What type of community consultation is undertaken?

Engagement with the local community is critical to the success of the Ceres Project and conditional to the requirements of 'Section 49, Crown Development' support.

A Community Engagement and Benefit Sharing Plan is being developed to ensure that open dialogue and information transfer can occur with landowners, local residents, stakeholders and the wider community in an efficient manner during the development phase of the project. The objectives of the community engagement process will be to:

  • ensure that all stakeholders (local, State, Commonwealth governments, landowners, residents, non-government groups) are provided with accurate and relevant information on The Ceres Project;
  • ensure that Senvion understands any issues of concern to the community;
  • demonstrate how all social and environmental impacts of the Complex will be managed;
  • maintain transparency in the project design and permitting process;
  • identify opportunities for local business involvement in the implementation of the project;
  • provide feedback on how input from the local community will influence the final project.

How many landowners are involved in The Ceres Project?


How will the wind farm be impacted by local Mining Exploration?

The Ceres Project will assess the current and possible future mining operations which may extend to Project land. If those operations have the potential to significantly affect the Project, those involved will consider negotiating an agreement with the mining operator to deal with the issue. The project will carefully consider all mining issues to ensure it has the best possible protection as an 'owner' under the Mining Act.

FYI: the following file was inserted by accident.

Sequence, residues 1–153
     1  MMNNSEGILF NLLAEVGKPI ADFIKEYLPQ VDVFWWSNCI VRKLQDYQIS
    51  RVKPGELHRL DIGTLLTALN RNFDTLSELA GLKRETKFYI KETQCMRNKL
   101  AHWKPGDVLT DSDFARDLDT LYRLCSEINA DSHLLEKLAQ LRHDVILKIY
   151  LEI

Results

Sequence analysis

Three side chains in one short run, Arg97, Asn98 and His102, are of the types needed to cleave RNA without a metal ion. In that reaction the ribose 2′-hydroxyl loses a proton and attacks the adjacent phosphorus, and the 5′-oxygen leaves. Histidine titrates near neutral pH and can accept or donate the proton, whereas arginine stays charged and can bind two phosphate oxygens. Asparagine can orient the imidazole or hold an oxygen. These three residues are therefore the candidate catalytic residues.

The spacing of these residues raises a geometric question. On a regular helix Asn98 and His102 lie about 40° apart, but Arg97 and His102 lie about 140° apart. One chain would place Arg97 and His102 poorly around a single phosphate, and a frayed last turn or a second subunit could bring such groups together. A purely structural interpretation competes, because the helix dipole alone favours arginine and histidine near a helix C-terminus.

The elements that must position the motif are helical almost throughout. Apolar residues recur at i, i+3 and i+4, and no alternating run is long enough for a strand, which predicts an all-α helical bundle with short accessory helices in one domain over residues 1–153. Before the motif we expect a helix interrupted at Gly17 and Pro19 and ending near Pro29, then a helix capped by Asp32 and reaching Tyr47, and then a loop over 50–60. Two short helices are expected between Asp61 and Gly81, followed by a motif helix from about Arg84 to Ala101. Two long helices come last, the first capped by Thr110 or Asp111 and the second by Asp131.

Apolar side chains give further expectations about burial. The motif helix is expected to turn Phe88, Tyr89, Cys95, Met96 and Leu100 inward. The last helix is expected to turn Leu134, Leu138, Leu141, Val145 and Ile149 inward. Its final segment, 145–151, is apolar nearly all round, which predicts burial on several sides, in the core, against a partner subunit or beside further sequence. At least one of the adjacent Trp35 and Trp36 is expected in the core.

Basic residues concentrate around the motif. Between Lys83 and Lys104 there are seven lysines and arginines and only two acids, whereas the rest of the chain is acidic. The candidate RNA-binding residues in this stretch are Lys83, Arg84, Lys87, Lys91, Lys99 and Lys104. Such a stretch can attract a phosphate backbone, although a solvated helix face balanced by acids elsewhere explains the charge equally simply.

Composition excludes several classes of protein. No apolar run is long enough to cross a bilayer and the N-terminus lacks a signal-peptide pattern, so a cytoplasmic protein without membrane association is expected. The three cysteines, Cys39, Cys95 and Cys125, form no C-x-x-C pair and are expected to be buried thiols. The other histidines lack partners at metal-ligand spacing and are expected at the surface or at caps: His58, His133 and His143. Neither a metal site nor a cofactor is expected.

Native Title and Aboriginal Heritage

The provisions of the Aboriginal Heritage Act apply to all land in South Australia.

Section 23 of the Aboriginal Heritage Act makes it an offence to damage, disturb or interfere with an Aboriginal site, object or remains or remove an object or remains from where they are found, unless this is done with the authorisation of the relevant Minister. The Ceres Project will comply with the provisions of the Aboriginal Heritage Act and may seek an Aboriginal heritage agreement to assist in managing the risk of offending against the provisions of the Act. The Project will work closely with the Narungga and Kaurna people and their relevant associations to ensure observance of Aboriginal heritage interests.To the extent the Project itself is located on land where native title has not been validly extinguished, Yorke Peninsula Wind Farm Project Pty Ltd will comply with native title obligations.

Wind farms and the construction process

Do wind farm projects contribute to the maintenance and upgrading of roads in the local area?

Wind power projects have in some cases led to road upgrades where the existing infrastructure has not been adequate for truck transport requirements. Payment is negotiated with local governments and is normally related to the requirements of the wind farm.